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The famous Qinghai-Tibet railway, at 5072 metres, crossing from Chengdu across the remote plateaus of Lhasa, is hailed as one of the greatest railway journeys to experience. Six more hours to reach Lhasa; my back is aching, my lungs feel oxygen starved but the scenery is spectacular. The sky is a never ending cornflower blue and fluffy cotton wool; a brilliant contrast to the velveteen drapes of rolling plains in their russet oranges and mossy greens. The odd meandering stream intersects the valley, its waterway peppered with black or white wild yak, on their own journey. Enticing lakes, more a sea in its scale, suddenly take us by surprise, breaking the monotony of acres of desolate nothingness. The lake is crystal clear. Sky and water merge in to one element, a fine blue pastel smudge at the horizon is the only tell-tale sign, that things are as they should be.

Tibet 09A “Wah!” is suddenly emitted from co-passengers, sleep and oxygen deprived faces press against the glass, as the most vivid rainbow crosses our path. This is not just a train journey… This is Mother Nature’s divinity.

I won’t lie and tell you that the 43 hours have been an easy feat. It’s not quite the Orient Express, not at $230 US for a soft sleeper, but takeaway the retch-worthy toilets and the arduous 43 hour duration, this is a journey worth ‘bucket-list’ status.

Tibet 07It’s not 5 star nor 4 star, to come to think of it. The dining car tries its best as white table cloths dress table tops, a fake red rose is added embellishment, but the food is standard at best. The flat screen TVs have long died and sit taunting and teasing you… and the toilets? Well, let’s just say it’s not for the faint hearted… Imagine hole-in-the-ground-loos partnered with an ineffective flush system and passengers with dodgy tums… The trick is to find the western style toilet as these are somewhat alien in China and are used less frequently.

Passengers endure odd belching, farting and ‘spitting’ noises through thin walls . Part of the overall ‘sensory experience’. As the altitude increases so does the sound of retching. Cigarette smoke creeps into the ventilation system and this only exacerbates the vomiting.

The quality of your journey depends on your room mates. Four hours in to our journey, we meet our roomies… A grandfather and two of his young grand-daughters wake us from our slumber. I open one eye and two faces peer at me… Twins no less ; one a mirror image of the other ; double trouble. It is 1am, and their first ever train journey and they jump from berth to berth with excitement crying ‘Lhasa, Lhasa, Lhasa!’ Oh joy! We have the company of hyper active six year olds aaaalllll the way to Lhasa. They screech and our neighbours bang on the wall and scream in Mandarin. I’m in no mood to make friends at such an unsociable hour and plug in my ear plugs, I prepare myself for a restless night.

In 10 hours we made friends with Jie Jie and Me Me (the twins). They are on their way to Lhasa for their bi-annual visit to meet their parents. Raised by their grandparents and void of young(ish) female company, they are thrilled when I play with their hair, spritz them with perfume and show them make-up items.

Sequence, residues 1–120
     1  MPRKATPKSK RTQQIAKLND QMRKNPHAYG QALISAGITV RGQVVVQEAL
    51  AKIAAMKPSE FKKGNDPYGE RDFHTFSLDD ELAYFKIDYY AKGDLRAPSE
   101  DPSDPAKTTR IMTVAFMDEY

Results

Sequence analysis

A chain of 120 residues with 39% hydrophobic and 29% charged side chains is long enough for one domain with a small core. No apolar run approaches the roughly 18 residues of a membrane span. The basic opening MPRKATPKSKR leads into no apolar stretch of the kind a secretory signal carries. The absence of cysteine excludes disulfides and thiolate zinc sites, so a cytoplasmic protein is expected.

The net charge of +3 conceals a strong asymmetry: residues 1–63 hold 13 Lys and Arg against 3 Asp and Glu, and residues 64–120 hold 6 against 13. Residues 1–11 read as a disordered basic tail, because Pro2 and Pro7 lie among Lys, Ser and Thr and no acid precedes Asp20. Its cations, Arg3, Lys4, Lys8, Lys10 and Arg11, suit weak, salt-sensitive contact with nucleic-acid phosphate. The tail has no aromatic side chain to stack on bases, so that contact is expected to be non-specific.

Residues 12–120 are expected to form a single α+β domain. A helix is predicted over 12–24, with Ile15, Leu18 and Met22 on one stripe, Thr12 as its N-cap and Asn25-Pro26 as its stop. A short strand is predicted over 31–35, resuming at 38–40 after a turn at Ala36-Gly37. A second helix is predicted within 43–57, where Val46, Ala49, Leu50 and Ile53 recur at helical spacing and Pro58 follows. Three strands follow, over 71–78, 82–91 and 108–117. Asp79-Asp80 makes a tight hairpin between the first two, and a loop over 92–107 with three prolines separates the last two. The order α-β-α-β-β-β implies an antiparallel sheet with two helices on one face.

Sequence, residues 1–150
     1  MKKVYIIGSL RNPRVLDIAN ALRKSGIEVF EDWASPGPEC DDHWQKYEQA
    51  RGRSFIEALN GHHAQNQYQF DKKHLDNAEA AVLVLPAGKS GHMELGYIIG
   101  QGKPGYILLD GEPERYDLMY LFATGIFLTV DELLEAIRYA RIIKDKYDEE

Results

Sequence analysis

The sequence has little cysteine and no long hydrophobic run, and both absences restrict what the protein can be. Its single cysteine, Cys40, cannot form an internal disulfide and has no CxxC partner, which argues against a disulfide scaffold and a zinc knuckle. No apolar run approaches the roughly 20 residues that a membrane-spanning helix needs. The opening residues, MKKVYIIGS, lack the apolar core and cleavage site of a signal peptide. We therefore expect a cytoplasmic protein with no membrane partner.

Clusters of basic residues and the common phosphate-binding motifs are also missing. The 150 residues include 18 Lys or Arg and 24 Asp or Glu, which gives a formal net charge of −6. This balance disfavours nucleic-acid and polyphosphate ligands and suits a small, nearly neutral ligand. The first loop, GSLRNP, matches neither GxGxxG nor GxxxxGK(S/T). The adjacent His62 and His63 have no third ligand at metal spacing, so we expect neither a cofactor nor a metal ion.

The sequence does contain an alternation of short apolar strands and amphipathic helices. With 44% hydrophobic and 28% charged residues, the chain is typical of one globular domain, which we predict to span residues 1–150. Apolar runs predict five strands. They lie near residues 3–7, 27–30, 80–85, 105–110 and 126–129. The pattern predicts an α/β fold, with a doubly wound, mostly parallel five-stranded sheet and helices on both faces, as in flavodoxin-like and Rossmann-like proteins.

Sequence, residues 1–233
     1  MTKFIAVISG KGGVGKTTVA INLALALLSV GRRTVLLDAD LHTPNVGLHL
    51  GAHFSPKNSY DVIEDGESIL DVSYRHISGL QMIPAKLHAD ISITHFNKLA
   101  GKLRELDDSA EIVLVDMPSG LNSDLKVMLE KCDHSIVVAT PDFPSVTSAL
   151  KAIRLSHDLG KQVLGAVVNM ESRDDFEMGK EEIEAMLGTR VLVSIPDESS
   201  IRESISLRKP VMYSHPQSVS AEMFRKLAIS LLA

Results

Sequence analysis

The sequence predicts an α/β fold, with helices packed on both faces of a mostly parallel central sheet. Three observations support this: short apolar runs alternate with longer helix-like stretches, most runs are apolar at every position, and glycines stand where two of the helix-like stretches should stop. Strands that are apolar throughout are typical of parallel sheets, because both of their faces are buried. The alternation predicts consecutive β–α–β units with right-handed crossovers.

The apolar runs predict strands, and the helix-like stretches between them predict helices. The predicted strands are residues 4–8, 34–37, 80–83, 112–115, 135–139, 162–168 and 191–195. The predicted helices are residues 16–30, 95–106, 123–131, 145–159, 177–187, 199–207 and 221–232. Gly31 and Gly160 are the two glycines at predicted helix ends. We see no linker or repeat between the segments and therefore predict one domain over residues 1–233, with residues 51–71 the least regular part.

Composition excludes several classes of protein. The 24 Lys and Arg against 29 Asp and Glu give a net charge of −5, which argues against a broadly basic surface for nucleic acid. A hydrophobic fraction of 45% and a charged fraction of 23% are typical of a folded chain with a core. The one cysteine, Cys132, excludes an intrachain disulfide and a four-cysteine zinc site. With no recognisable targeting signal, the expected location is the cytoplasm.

Tibet 04By 20 hours, I am ah-yee (aunty) and responsible for taking them to the toilet. They look at me strangely when I refuse toTibet 03 let them use the heavily soiled hole in-the-ground-mess. Cocking their identical heads at me, I try to hopelessly sign to them that ‘jayga’ (this) is not good – ‘thumbs down’… which then quickly leads to an exercise on how to use a western-style toilet. Thankfully they’re toilet trained and I’m let off wiping dirty botties.

By thirty hours, they try to teach me mandarin. My ‘Yi, Err, San, Siu’ (1,2,3,4) drives them to hysterical giggling and entertains them for a while until I call for nap time. Napping, seems to increase as we ascend higher and closer to our destination. Now and again I wake up in a panic and draw in deep, unsatisfying gasps of air. Could we be suffocating? How much oxygen are my lungs taking in? And oh god is there enough oxygen to go round?

In the middle of the night, on our last leg towards Lhasa, I hear Me Me calling for her Ye Ye (grandfather). Unfortunately she also has altitude sickness and vomits intermittently during the night. The sound of retching seems to echo through the carriages like some disastrous symphony.

The 43 hour journey did not give me the quiet solitude I had sought. I had imagined sitting at a table, drinking in the splendour of these views as I write my blog, preparing for what I hope will be a spiritual lesson… But the love I witnessed between grandfather and granddaughters is as beautiful a story as our surroundings.

We are almost at the end of our journey… Both twins are either side of me as we gaze out towards our oncoming destination… Colourful prayer flags are strung across distant stupas, a hint that we are soon reaching the ‘Land of the Gods’, the most revered and spiritual cities on the face of the Earth.

Eyes tightly closed and lips moving in soundless murmurs, I wonder what these twins pray for… A happy reunion with their mother that will not end with another farewell perhaps? I close my eyes too; thoughts of my family’s recent tragedy gives rise to a tear and I find myself doing something I’ve not done for a long, long time… I squeeze my eyes shut, concentrating on every word and send a silent prayer across these spiritual lands…